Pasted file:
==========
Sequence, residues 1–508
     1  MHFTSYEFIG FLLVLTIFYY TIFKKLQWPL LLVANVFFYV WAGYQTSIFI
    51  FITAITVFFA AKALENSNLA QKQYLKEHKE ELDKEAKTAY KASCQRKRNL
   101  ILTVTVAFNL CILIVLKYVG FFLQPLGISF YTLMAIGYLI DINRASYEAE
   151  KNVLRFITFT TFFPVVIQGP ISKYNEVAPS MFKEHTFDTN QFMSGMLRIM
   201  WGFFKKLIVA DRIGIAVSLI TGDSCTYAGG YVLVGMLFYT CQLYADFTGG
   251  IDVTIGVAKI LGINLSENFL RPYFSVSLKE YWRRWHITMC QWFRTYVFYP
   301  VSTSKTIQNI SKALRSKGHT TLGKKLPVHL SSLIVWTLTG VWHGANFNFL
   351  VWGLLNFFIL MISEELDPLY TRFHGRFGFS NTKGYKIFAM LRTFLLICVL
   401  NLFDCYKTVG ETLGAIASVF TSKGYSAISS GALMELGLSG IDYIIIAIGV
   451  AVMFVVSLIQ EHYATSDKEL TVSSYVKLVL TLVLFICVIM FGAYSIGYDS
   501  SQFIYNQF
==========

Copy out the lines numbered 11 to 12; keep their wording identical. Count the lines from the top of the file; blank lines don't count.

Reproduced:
   451  AVMFVVSLIQ EHYATSDKEL TVSSYVKLVL TLVLFICVIM FGAYSIGYDS
   501  SQFIYNQF